Abstract

ABSTRACT:

The yearly cap on H-1B visas became binding for the first time in 2004, making it harder for college-educated foreigners to work in the United States. However, academic institutions are exempt from the cap, and citizens of five countries (Canada, Mexico, Chile, Singapore, and Australia) have access to alternative work visas. We exploit these exemptions to gauge how immigrant career choices have been affected by the binding visa cap. Among other impacts, the binding cap raises international students' likelihood of employment in academia, even outside of their field of study, a result consistent with the notion of "settling" for academia.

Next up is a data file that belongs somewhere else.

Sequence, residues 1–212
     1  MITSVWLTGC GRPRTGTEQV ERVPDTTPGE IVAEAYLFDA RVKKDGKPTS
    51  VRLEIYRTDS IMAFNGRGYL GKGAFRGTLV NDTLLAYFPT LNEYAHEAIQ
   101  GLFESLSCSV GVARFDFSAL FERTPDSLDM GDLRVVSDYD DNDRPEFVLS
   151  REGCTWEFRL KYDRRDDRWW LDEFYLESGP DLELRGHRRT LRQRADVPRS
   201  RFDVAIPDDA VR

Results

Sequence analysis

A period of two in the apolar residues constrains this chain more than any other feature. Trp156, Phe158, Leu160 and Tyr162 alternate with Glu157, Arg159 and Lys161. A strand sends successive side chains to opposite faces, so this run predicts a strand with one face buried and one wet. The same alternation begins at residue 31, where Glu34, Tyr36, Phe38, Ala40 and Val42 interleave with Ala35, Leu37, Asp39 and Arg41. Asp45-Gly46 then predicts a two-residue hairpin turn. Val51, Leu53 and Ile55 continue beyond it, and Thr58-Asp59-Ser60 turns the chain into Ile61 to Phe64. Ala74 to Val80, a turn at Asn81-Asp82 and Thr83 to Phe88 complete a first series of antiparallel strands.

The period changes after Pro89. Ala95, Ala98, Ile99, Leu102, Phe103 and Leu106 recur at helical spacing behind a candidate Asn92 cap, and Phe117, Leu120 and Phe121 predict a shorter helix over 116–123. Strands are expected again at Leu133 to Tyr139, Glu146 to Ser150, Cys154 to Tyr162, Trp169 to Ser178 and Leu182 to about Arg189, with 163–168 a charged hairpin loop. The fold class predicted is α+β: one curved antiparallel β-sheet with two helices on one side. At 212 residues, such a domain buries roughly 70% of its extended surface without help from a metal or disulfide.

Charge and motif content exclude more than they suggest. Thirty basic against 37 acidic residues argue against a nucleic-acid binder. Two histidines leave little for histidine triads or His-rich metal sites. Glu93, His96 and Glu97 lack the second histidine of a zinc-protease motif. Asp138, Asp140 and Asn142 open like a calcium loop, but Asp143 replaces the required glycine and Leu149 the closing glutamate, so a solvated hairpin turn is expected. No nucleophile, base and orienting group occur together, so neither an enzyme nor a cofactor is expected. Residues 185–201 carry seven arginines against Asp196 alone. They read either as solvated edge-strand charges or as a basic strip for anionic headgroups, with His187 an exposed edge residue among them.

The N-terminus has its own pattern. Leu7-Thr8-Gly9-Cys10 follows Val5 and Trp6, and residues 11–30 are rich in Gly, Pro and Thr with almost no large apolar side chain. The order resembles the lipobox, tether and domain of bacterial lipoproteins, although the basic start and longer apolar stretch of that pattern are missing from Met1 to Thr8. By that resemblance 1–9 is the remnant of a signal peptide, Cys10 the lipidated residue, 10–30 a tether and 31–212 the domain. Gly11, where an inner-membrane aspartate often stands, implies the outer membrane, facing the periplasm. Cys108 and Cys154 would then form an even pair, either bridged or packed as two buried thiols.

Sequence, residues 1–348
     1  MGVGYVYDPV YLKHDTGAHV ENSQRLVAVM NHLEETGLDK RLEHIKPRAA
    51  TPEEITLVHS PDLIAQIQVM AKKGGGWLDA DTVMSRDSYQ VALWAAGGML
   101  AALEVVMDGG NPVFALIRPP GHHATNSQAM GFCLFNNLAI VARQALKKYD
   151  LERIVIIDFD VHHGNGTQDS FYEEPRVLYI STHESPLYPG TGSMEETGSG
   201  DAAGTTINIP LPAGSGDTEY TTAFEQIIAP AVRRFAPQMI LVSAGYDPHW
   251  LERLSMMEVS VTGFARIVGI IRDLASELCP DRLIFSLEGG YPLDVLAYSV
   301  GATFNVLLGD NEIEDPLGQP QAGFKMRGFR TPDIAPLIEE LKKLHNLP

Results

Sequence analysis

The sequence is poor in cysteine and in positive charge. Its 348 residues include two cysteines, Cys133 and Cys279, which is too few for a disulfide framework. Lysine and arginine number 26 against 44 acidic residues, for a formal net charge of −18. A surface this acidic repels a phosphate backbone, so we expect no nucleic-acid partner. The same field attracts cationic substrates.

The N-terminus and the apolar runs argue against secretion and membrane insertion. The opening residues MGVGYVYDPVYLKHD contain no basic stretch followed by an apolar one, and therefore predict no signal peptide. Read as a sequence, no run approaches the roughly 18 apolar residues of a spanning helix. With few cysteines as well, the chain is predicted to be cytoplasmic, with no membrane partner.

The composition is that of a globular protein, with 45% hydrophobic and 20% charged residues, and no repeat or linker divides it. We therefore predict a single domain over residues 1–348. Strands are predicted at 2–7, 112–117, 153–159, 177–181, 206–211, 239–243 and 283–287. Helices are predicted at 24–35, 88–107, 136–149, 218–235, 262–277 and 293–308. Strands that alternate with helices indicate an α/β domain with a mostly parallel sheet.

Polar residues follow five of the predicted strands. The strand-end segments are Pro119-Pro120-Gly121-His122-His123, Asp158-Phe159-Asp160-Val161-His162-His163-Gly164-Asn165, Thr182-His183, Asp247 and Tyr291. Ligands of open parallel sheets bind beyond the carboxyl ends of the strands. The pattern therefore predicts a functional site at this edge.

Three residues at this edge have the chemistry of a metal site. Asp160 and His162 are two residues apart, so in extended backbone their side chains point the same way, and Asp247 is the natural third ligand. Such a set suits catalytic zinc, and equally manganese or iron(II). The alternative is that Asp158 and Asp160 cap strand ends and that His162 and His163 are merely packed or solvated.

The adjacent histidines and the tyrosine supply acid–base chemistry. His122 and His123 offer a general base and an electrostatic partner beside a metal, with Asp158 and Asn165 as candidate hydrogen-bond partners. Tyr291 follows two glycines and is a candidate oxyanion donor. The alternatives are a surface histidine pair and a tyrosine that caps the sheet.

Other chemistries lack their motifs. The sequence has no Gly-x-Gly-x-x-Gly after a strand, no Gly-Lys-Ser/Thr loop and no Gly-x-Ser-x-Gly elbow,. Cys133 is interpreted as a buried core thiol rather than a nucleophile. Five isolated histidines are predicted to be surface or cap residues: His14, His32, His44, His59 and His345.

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Additional Information

ISSN
1548-8004
Print ISSN
0022-166X
Pages
pp. 401-429
Launched on MUSE
2019-05-22
Open Access
No
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